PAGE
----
The Pentagon is launching spy balloons over the Midwest to monitor and track individual people and vehicles.
The point of the balloons is “to provide a persistent surveillance system to locate and deter narcotic trafficking and homeland security threats,” according to documents filed with the Federal Communications Commission. But, as The Guardian reports, that also means everyday people will be subjected to sweeping government surveillance — without their knowledge or consent.
The surveillance experiment began in mid-July, according to The Guardian, and will run at least through September. The balloons will carry sensors that track every vehicle within a 25-mile radius.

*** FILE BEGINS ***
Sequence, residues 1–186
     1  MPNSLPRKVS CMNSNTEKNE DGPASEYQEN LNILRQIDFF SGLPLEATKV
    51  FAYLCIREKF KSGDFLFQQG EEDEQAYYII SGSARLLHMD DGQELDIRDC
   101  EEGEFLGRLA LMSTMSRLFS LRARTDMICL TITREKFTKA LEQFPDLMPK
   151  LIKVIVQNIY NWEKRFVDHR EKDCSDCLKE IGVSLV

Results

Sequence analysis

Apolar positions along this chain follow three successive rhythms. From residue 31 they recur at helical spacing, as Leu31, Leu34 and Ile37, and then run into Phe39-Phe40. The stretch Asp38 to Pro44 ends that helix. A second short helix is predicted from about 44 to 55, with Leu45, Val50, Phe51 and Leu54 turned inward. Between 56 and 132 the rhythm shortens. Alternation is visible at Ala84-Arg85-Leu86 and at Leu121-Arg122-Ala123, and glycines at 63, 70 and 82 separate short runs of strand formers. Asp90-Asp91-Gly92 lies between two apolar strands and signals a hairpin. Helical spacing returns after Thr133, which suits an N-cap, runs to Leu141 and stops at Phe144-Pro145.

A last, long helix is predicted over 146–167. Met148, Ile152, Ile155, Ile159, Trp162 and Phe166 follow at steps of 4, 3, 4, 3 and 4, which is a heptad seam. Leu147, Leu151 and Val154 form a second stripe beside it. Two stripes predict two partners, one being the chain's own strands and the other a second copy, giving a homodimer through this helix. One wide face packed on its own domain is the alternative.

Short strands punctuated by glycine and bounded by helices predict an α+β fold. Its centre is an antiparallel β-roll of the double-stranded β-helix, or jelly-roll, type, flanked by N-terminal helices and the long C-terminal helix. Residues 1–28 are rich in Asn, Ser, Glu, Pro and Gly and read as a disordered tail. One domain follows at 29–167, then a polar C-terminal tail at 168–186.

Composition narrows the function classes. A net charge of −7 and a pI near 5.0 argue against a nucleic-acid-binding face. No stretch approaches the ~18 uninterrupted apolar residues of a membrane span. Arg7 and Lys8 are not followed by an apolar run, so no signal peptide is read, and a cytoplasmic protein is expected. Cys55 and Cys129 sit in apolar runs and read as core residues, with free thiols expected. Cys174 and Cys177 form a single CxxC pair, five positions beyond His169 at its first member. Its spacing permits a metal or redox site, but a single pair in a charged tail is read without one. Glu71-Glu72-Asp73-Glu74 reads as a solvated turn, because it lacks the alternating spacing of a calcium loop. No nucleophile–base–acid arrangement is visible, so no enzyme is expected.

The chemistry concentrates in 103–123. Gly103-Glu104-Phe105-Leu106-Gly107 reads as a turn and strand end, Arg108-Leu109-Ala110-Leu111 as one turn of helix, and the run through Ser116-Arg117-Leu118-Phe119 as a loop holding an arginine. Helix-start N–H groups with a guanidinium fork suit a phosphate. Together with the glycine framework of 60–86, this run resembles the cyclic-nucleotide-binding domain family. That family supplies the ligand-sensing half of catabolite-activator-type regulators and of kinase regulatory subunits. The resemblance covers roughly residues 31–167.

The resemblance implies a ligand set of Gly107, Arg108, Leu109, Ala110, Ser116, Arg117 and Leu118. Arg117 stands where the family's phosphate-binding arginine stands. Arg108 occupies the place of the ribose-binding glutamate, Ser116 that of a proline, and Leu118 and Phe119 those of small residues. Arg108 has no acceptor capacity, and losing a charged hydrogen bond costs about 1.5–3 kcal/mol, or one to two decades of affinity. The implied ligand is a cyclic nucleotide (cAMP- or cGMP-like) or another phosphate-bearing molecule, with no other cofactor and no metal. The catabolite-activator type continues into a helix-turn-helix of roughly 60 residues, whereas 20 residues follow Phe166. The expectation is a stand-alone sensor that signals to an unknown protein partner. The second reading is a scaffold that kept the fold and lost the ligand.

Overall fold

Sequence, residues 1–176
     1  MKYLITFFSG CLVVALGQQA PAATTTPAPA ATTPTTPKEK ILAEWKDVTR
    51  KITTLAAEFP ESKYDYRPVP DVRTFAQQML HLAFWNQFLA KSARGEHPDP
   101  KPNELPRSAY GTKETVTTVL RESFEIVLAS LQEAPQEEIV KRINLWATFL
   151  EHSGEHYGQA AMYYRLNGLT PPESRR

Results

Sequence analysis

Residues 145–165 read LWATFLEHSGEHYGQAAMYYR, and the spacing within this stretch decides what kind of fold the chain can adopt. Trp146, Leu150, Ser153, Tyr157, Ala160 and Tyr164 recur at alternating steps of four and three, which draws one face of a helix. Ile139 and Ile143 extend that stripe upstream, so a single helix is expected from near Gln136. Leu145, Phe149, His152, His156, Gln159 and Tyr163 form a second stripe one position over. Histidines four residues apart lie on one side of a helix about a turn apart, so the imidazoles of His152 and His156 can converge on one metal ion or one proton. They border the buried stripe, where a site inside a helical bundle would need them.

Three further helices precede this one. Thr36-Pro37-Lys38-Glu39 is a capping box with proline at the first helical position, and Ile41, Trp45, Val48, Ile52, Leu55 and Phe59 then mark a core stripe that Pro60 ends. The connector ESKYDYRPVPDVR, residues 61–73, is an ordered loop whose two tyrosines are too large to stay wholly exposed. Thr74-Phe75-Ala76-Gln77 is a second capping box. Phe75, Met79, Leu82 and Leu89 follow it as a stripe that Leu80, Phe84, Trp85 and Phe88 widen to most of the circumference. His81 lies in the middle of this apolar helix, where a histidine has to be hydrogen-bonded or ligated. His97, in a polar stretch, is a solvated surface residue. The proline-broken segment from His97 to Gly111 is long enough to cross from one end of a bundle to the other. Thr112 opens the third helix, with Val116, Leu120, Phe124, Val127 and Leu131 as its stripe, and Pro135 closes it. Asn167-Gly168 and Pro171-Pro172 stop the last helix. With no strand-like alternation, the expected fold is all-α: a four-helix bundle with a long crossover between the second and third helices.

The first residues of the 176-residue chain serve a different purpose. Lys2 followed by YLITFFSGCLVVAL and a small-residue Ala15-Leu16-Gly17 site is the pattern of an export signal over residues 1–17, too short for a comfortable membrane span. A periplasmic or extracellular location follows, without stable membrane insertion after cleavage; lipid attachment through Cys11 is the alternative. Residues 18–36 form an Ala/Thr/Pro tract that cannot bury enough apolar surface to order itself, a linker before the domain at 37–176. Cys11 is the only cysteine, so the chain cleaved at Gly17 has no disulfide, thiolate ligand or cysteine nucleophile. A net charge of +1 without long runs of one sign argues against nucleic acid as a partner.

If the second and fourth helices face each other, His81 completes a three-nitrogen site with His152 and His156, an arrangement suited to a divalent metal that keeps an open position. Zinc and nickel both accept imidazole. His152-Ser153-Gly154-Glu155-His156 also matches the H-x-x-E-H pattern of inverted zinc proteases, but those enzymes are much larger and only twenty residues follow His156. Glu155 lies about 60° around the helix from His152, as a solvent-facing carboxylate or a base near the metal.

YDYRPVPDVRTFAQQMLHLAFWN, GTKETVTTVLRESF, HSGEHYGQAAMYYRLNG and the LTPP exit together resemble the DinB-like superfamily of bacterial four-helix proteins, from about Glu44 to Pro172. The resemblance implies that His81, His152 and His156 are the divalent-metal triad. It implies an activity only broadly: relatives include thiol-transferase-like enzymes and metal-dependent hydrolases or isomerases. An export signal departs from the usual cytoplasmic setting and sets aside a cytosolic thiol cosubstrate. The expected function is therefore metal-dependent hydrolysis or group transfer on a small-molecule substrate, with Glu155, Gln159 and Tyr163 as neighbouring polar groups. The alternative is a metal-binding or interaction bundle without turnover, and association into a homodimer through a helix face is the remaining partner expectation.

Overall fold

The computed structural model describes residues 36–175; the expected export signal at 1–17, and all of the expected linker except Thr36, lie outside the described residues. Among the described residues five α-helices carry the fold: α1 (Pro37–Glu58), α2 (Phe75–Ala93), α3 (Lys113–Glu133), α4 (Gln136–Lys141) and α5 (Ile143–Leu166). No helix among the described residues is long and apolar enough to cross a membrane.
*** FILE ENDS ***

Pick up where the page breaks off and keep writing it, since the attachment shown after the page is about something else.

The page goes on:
The initial fleet will be 25 solar-powered balloons monitoring several U.S. states including Iowa and Missouri.
While the Pentagon touts the balloons as a way to quickly spot threats, civil liberties groups have a different view on the matter.
“We do not think that American cities should be subject to wide-area surveillance in which every vehicle could be tracked wherever they go,” Jay Stanley, a senior policy analyst at the American Civil Liberties Union, told The Guardian. “We should not go down the road of allowing this to be used in the United States and it’s disturbing to hear that these tests are being carried out, by the military no less.”
READ MORE: Pentagon testing mass surveillance balloons across the US [The Guardian]
More on privacy: Professor: US Surveillance State Is a Lot Like China’s